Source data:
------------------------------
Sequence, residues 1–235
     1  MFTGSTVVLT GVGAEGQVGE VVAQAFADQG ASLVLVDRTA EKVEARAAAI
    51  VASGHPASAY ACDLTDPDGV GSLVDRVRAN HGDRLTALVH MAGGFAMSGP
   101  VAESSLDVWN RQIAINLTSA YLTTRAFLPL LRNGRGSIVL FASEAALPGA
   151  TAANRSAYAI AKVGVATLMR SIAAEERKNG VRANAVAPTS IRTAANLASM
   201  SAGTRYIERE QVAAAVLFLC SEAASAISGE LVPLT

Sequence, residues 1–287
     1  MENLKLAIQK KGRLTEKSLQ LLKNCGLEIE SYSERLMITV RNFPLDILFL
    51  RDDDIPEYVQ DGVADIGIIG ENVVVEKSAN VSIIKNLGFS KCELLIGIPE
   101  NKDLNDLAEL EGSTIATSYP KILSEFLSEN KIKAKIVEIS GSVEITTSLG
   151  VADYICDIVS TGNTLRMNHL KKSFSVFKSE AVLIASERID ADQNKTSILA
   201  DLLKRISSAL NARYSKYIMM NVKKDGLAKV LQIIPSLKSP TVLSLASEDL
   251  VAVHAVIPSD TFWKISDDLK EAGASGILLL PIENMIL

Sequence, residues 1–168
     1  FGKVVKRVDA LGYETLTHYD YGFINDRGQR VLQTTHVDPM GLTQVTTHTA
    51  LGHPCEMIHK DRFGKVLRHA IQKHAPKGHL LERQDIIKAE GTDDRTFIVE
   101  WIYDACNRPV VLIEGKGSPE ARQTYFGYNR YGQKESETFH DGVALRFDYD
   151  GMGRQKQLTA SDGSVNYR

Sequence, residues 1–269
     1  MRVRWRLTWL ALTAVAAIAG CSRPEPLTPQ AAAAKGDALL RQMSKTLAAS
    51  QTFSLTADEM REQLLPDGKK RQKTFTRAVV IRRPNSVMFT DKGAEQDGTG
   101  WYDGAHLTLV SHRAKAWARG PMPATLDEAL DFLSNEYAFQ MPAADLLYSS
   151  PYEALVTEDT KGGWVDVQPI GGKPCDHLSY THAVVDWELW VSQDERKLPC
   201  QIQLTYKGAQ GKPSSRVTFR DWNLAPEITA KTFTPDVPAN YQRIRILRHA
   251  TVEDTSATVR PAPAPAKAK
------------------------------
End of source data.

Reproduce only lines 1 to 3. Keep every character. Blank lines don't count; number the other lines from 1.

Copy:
Sequence, residues 1–235
     1  MFTGSTVVLT GVGAEGQVGE VVAQAFADQG ASLVLVDRTA EKVEARAAAI
    51  VASGHPASAY ACDLTDPDGV GSLVDRVRAN HGDRLTALVH MAGGFAMSGP